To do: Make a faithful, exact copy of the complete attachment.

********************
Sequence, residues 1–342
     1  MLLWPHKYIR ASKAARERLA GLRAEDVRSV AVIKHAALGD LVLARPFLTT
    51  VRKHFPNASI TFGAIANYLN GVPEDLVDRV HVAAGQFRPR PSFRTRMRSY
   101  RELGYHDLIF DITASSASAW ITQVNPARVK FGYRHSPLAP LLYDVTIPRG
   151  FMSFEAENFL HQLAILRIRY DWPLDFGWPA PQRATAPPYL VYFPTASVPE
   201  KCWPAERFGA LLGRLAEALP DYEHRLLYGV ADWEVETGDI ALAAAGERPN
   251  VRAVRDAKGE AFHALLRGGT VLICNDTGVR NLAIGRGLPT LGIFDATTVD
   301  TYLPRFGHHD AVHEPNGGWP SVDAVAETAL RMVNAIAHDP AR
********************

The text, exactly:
Sequence, residues 1–342
     1  MLLWPHKYIR ASKAARERLA GLRAEDVRSV AVIKHAALGD LVLARPFLTT
    51  VRKHFPNASI TFGAIANYLN GVPEDLVDRV HVAAGQFRPR PSFRTRMRSY
   101  RELGYHDLIF DITASSASAW ITQVNPARVK FGYRHSPLAP LLYDVTIPRG
   151  FMSFEAENFL HQLAILRIRY DWPLDFGWPA PQRATAPPYL VYFPTASVPE
   201  KCWPAERFGA LLGRLAEALP DYEHRLLYGV ADWEVETGDI ALAAAGERPN
   251  VRAVRDAKGE AFHALLRGGT VLICNDTGVR NLAIGRGLPT LGIFDATTVD
   301  TYLPRFGHHD AVHEPNGGWP SVDAVAETAL RMVNAIAHDP AR